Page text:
Cybersecurity Microsoft Ventures

Cybersecurity Startups in Israel Have a Chance to Receive $1 Million in Funding

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On Tuesday Microsoft and Akamai announced a partnership with Jerusalem Venture Partners (JVP) to work on a cybersecurity accelerator. One lucky business will receive a million dollar investment from Israeli-based JVP at the end of it’s education and mentoring. Investment in cybersecurity is critical as threats continue to increase at an alarming rate.

JVP has been investing in cybersecurity for about 20 years and JVP Cyber Labs was the first cybersecurity incubator in Israel. Previous funding has gone to CyberArk Software, Navajo Systems and Magnifire. The latter two were bought out by larger companies. This partnership marks the first ever cybersecurity accelerator.

Akamai will invest up to $25,000 in each of the startups accepted into the program and offer it’s web security knowledge and expertise. Stuart Scholly, senior vice president of Akamai believes an investment in cybersecurity startups will eventually benefit businesses on the internet.

He says: “…the computer security landscape continues to evolve with new threats emerging every day. We believe that supporting security innovation, not only at Akamai, but also through promising entrepreneurs, is of true benefit to our customers and any company doing business on the Internet.”

The new program is based in the Microsoft Ventures Tel Aviv location and is designed to attract entrepreneurs and startups focusing specifically on cybersecurity. Cybersecurity startups accepted into this program will be announced Aug. 24, 2014, and the class will run through January 2015.

Microsoft Ventures was founded for first-time entrepreneurs and early startups. It is an educational and support program that provides participants 3 to 6 months of connection to businesses, mentoring and technical expertise.

According to the Ventures site, “From coding to gaming, advertising to online dating, they [our startups] all have two things in common: a killer idea and the skills to make it happen.” Several cloud services, restaurant booking, cellular network optimization, apps, hiring help and recipe software are among previous ventures chosen for mentoring.

“Tech startups have the potential to shape the future of cybersecurity,” Zack Weisfeld, head of Microsoft Ventures Europe said. “Akamai is the perfect partner to join Microsoft in delivering unparalleled access and value to startups joining the accelerator. Like us, Akamai is a big proponent of secure computing with a massive reach. We are eager to partner with Akamai to spur the success of cybersecurity innovation based on our respective insights and learnings gained over the years.”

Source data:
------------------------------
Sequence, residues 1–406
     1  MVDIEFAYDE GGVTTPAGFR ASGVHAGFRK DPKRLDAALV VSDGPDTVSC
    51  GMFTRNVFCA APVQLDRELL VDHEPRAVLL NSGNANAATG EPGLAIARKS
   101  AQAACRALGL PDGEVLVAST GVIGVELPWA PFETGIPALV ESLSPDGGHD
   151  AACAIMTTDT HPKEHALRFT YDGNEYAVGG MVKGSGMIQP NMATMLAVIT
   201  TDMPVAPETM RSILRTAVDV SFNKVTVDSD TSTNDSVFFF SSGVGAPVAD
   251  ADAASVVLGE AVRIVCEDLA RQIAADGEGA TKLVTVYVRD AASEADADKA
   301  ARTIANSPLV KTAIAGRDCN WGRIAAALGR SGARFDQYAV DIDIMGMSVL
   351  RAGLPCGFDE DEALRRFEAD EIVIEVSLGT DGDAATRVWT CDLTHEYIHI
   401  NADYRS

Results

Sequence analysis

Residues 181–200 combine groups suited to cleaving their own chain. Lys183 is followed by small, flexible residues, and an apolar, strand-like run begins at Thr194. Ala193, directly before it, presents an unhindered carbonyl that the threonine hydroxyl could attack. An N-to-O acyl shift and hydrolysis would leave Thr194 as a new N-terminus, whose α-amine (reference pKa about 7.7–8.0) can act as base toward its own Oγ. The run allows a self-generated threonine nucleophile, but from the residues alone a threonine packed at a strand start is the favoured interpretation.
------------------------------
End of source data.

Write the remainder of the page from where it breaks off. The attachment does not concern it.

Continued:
Cybersecurity is a growing threat to internet and cloud service providers. Large volume DDoS attacks increased by almost 350 percent from 2013 to the first half of 2014. Some of the recent trends in DDoS are massive attacks exceeding 100 gigabits per second, attacks targeting infrastructure rather than applications directly, and DDoS attacks from mobile devices (or mDDoS) are reaching significant levels. A study by Prolexic found similar results with an increase of 22 percent in global DDoS attacks over the second quarter 0f 2013.

It’s important for cloud and internet service providers to support these types of startups not only for the purpose of safe business but for a safe country. According to a recent report by Rand Corporation, the shortage of cybersecurity professionals in the US is a concern for both the private sector and the public sector. Public cybersecurity roles have lesser salaries which could pose risks to national and homeland security since those jobs aren’t attracting the highest quality professionals.

The study notes that in the private sector, many large organizations have found ways of dealing with the cybersecurity manpower shortage through internal promotion and educational efforts. A report earlier this year from Cisco notes that there is a worldwide shortage of nearly one million skilled cybersecurity professionals.

US states such as Maryland have begun to offer tax credits to cybersecurity businesses to encourage growth. Other companies such as Fortinet are supporting initiatives and education to help fill jobs in the cybersecurity industry. Programs such as these and the partnership between Microsoft Ventures, JVP and Akamai are critical as continually more sophisticated cybersecurity attacks occur daily.

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  1. Israel is butchering children and women and Microsoft et al are helping them with their security shades if IBM's involvement with the Holocaust shame on anyone who trades with Israel - the most truly terrorist state on earth p